She was only been pulling down that money for the boom years, so she had to have ramped up pretty hard on the expenses.

Rob Dawg said...

And talk about money stupid. She understands she needs to pay cash for an income property. Ever do the math on that?

$100k house in the Inland Empire can generate $8000/yr in rent. Add in tax benefits and subtract expenses and you are below tax free munis for total return. All she needs do as a divorced mom with kids is to save $100k of her $35k/yr salary.

El Hombre said...

Shit like this leaves me sad to be a Realtor.. How in the hell did this lady make $200k+/year and not stack it away?? That is a LOT of Botox!

I propose that anyone sitting for a RE license should be able to first demonstrate that they can in fact use a calculator..

Props to Jim the Realtor for keeping it real.

tj and the bear said...

Anyone notice that virtually all of these ex-homeowners had roughly $4K/mo mortgages? That's not exactly chickenfeed, especially in the IE.

p.s.: The ex-realtor at least has some other "assets" to fall back on.

Cobradriver said...

"Anyone notice that virtually all of these ex-homeowners had roughly $4K/mo mortgages? That's not exactly chickenfeed, especially in the IE."


We just lost our last long term tennant to a home purchase. All of our tennants in the last couple of years have come from 1.5-3K payments. I don't think any of the current tennants came from another rental...


You have wayyyyyyyyyyyyyyyy more tolerance than I could ever muster over on CR.

My head hurts with some of the comments.

On a serious note...out of 1K lots,1 acre or larger within 10 miles of my zip,I can say with a good amount of confidence....
900-950 are upside down.

Its gonna be a long summer in Florida.

Last but not least...

8 /2003 VACANT $250,000
6 /2005 VACANT $380,000
12/2008 VACANT $190,000

2 acres on the water. Half off sale. But wait! There is more!
Current ask on the MLS...

170K. How to loose 20K quickly!

They pulled the adress on the listing today to make it harder to locate on the counties site.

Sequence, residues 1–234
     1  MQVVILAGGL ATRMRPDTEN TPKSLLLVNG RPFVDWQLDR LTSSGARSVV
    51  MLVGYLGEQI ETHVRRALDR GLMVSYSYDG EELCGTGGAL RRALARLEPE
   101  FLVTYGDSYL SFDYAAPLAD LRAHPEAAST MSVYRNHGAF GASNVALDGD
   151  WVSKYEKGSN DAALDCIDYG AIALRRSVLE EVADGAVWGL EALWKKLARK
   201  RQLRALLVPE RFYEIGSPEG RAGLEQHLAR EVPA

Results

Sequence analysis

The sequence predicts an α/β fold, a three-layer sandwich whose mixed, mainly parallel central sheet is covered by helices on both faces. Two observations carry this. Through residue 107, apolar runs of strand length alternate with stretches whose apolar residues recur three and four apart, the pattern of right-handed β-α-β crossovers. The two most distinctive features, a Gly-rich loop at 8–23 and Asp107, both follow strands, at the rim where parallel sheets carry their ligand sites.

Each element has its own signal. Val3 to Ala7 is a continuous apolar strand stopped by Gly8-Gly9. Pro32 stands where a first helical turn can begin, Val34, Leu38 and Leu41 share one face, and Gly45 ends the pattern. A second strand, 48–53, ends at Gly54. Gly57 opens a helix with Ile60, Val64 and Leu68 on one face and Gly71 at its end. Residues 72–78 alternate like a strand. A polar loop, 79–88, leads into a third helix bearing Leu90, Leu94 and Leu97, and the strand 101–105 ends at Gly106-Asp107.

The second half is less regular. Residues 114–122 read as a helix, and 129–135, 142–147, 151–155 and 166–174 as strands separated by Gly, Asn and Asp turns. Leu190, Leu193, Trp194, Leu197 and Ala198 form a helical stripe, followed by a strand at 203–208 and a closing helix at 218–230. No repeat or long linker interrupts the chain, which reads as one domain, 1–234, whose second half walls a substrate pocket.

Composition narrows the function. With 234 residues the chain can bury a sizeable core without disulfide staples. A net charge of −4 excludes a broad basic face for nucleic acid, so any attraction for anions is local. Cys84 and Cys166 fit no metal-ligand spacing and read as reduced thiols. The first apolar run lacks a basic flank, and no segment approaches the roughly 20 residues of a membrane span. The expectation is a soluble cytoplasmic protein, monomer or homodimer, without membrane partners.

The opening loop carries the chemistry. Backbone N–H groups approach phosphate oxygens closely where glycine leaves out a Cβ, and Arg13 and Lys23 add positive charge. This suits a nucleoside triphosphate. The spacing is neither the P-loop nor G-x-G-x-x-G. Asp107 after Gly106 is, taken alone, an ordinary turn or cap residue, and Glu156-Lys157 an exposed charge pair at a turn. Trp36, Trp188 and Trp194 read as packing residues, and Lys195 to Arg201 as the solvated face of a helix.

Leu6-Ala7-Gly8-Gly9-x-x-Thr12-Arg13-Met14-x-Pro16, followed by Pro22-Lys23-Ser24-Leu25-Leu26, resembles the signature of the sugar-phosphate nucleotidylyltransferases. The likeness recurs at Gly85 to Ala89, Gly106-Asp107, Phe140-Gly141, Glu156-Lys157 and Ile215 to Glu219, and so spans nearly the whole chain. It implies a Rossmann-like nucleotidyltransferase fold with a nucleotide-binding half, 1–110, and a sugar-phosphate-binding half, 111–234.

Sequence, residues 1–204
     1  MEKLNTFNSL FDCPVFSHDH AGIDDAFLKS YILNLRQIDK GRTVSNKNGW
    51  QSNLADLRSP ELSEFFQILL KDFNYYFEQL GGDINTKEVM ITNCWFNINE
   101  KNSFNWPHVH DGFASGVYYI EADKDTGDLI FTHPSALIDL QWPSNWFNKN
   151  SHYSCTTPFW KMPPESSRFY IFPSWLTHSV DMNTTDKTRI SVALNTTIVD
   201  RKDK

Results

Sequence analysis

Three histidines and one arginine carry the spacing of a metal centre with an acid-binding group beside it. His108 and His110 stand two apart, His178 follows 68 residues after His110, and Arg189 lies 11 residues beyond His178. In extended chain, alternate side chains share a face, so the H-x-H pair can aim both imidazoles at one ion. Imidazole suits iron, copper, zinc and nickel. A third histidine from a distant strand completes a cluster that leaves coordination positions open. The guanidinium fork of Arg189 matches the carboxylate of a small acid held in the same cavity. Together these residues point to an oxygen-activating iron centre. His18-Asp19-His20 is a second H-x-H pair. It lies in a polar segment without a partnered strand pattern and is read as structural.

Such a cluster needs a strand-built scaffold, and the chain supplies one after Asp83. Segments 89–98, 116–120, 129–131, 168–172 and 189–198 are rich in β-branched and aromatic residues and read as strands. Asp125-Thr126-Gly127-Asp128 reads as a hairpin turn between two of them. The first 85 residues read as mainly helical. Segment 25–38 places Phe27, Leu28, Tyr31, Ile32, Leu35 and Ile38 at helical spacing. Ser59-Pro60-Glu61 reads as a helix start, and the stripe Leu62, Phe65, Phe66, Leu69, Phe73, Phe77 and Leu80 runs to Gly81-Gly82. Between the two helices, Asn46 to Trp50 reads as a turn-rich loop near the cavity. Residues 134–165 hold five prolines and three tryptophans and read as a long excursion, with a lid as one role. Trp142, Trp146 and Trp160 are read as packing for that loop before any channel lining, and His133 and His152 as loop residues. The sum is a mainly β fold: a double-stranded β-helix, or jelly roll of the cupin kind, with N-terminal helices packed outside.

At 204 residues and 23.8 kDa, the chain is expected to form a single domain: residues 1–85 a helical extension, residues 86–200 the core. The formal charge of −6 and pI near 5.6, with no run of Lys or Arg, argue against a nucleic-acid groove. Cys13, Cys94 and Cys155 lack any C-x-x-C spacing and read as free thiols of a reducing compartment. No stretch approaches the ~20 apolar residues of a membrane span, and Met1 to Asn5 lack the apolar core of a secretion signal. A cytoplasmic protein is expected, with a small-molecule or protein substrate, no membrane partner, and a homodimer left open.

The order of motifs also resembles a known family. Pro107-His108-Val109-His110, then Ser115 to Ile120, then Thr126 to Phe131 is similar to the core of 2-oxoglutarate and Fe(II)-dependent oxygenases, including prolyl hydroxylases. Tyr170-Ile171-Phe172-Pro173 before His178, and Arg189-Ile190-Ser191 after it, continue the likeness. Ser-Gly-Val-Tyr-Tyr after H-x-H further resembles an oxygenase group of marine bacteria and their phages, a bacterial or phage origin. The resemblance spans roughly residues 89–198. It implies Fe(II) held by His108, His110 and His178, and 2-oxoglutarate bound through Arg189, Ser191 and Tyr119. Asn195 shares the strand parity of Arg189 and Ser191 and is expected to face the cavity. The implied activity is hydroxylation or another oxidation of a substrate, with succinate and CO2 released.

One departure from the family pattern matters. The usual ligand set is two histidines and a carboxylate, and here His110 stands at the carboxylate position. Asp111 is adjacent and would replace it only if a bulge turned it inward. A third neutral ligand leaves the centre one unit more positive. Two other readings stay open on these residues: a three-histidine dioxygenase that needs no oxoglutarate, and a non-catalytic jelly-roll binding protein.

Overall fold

tj and the bear said...


Hey dude! Miss you posting over at CR; yeah, a lot of trolls lately, but still worth the trouble. As soon as Ken gets a filter back we'll be stylin'.

I'm sure your long-term tenants all found homes for not much more than rent, and I know you give'em great deals to keep'em.

2 acres on the water sounds nice; did you get the address before they pulled it?

Rob Dawg said...

You have wayyyyyyyyyyyyyyyy more tolerance than I could ever muster over on CR.

My head hurts with some of the comments.
Yeah. I have a tiny bit of special status on CR. All it took was years of quality posting, years of being right, years of effectively standing up for myself and the patience of a saint and humor of a martyr.

I confess to a personal failing of being drawn to luring assholes out into the open so everyone sees what I see.

Florida is so far down even randomness is enough to make a few deals no brainers. If taxes weren't so high I'd consider a seasonal place on the water down there. I expect the opportunity sooner than later.

Pleather Murse said...

Sounds more like 2 acres UNDER water.

tj and the bear said...

FTR, the photo for this post is scary.

Usually I'm curious how you find them; this one I definitely do NOT want to know.

segfault said...

She is paying half her monthly income for rent, so it will probably be a few decades before she is able to save up enough to pay cash for a rental property.